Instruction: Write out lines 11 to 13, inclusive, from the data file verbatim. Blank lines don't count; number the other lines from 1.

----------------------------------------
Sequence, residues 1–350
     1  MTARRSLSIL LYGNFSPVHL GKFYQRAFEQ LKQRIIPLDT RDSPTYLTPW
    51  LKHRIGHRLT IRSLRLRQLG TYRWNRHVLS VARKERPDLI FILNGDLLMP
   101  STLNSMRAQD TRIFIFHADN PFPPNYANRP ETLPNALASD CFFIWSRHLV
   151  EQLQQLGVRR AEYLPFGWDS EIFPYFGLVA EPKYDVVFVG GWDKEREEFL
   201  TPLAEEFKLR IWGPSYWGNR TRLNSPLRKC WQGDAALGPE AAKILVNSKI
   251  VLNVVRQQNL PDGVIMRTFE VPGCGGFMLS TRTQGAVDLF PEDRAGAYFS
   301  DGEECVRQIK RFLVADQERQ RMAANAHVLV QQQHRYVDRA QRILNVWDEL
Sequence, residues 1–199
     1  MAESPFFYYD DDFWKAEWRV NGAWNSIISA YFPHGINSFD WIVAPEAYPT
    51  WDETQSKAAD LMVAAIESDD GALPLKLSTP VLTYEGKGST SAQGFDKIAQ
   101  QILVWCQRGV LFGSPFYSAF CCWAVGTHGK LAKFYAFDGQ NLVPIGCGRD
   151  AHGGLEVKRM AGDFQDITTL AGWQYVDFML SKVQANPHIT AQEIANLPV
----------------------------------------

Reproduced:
    51  WDETQSKAAD LMVAAIESDD GALPLKLSTP VLTYEGKGST SAQGFDKIAQ
   101  QILVWCQRGV LFGSPFYSAF CCWAVGTHGK LAKFYAFDGQ NLVPIGCGRD
   151  AHGGLEVKRM AGDFQDITTL AGWQYVDFML SKVQANPHIT AQEIANLPV